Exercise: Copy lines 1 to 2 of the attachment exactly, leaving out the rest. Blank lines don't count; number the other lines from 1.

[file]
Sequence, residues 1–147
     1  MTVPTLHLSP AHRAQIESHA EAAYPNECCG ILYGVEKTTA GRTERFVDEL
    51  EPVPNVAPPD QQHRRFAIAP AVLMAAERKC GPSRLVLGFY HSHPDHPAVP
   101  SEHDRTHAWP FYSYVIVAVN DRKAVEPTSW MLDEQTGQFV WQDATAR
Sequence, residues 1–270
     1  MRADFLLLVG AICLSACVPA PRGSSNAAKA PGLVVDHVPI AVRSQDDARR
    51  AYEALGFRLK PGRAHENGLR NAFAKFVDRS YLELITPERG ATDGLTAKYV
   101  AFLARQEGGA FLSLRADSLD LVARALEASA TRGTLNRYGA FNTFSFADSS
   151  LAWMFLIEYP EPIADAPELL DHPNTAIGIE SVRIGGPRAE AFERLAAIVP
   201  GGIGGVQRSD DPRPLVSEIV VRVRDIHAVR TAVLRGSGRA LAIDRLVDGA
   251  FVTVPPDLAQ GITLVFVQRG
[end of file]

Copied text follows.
Sequence, residues 1–147
     1  MTVPTLHLSP AHRAQIESHA EAAYPNECCG ILYGVEKTTA GRTERFVDEL